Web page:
These darksome, appalling deeds, done in the centre of a thickly-populated metropolitan district, and at a time of night when hundreds of people were still perambulating streets in the immediate vicinity of the thoroughfares in which the butchered women were found weltering in their blood, have cast a shadow of gloom and horror over this vast city. It cannot but be a deep humiliation to every Londoner who has heretofore taken a just pride in the many evidences of a high civilisation abounding in the English capital to recognise the terrible fact that murder after murder can be perpetrated in our very midst, so to speak, undetected and unpunished, braving successfully all the efforts of our huge police force to bring the guilty to justice. In the East-end, selected by the author or authors of these inhuman crimes as the scene of their operations, consternation is rapidly turning into wrath, the consequences of which may at any moment prove disastrous to any person, innocent or culpable, upon whom popular suspicion may fall. It could hardly be wondered at were people so desperately exasperated as the East-enders have reason to be by this appalling recurrence of brutal bloodshed in their district, to take the law into their own hands, having lost faith in the capacity of the Executive to exorcise the grim spectre by which they are haunted. Significant enough of the state of feeling prevailing throughout the East-end are the facts that the Vigilance Committee constituted by Whitechapel ratepayers has offered a reward for the apprehension of the murderer or murderers, and that its President, Mr. George Lusk, on Saturday evening - several hours, therefore, before the discovery of the two corpses that make up the tale of the Whitechapel assassinations to the formidable number of six - had forwarded to her Majesty the Queen a petition, "on behalf of the inhabitants of the East-end of London," imploring our gracious Sovereign to reverse the decision lately arrived at by the Home Secretary, and to direct that a Government reward, "sufficient in amount to meet the peculiar exigencies of the case, may immediately be offered." It is a momentous and unwelcome novelty in the history of the present reign that a large body of Londoners should be driven by the sheer force of calamitous circumstances to entreat their Queen to remedy the shortcomings of one of her own Cabinet Ministers, above all of the Secretary of State for the Home Department!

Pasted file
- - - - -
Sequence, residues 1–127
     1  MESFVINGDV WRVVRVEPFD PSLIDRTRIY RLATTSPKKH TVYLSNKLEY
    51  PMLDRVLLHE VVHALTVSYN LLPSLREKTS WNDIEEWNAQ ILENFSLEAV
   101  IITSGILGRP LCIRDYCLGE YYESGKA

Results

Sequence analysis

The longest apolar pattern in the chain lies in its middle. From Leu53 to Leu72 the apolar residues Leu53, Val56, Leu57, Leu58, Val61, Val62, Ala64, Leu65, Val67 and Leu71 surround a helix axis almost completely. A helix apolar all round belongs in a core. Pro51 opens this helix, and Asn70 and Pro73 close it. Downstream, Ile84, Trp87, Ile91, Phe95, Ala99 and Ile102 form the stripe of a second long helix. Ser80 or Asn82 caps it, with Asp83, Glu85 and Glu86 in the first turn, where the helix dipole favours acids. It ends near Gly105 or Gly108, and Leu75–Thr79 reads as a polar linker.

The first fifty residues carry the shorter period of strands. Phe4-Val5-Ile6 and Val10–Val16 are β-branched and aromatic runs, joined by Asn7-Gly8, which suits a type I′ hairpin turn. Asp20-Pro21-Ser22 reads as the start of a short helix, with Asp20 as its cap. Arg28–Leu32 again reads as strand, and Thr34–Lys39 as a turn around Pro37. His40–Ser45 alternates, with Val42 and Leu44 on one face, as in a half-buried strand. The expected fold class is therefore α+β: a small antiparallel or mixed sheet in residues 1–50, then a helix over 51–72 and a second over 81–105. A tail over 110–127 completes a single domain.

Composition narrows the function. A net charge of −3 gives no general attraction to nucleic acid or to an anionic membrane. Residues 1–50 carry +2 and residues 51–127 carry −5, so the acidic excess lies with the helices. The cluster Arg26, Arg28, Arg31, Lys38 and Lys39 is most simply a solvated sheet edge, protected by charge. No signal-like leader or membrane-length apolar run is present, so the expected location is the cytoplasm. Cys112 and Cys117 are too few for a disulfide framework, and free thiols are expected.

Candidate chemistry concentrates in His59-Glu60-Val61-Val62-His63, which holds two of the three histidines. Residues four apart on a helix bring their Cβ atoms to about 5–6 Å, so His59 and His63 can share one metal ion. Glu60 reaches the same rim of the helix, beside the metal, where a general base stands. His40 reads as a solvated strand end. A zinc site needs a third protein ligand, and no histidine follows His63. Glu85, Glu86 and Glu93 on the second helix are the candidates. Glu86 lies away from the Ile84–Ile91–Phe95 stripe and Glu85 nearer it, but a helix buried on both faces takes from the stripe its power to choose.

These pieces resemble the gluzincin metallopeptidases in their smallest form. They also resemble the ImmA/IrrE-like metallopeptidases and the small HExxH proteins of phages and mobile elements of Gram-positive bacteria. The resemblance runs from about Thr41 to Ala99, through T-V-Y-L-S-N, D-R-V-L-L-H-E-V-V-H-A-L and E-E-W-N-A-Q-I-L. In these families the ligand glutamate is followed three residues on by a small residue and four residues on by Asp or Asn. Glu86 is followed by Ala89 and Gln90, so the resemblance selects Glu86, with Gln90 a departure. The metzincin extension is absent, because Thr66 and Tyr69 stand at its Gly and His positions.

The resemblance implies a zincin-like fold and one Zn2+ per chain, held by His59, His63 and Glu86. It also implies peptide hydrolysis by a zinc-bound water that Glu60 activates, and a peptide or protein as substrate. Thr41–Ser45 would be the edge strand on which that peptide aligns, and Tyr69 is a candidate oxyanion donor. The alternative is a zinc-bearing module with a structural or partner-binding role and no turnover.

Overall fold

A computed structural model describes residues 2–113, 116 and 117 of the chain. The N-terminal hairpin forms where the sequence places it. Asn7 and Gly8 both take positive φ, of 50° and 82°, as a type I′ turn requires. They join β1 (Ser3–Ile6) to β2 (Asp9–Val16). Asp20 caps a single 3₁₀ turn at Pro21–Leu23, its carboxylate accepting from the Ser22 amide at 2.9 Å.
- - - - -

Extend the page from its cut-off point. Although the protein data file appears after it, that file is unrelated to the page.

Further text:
The next portion of this issue's report from "Not yet recovered from its recent terror…" to "…She was identified by a sister living in Holborn." is reproduced in "News from Whitechapel" pages 88 - 94. Immediately following that, the next portion of this issue's report from "THE CRIME IN ALDGATE . . ." to "…the public were allowed admission" is reproduced in "News from Whitechapel" pages 144 - 153. Immediately following that portion the Telegraph reported:
At half-past one o'clock this morning a report was in circulation that a man, answering the published description of the Whitechapel murderer, had been arrested at a common lodging-house, known as Albert-chambers, in Gravel-lane, Union-street, Borough. The rumour included the statement that the prisoner was conducted to the nearest police-station by two constables at about twelve o'clock. Upon inquiry at the police-station, Blackman-street, Borough, this morning, we were informed that there was no foundation whatever for the report, and that no arrests had been made.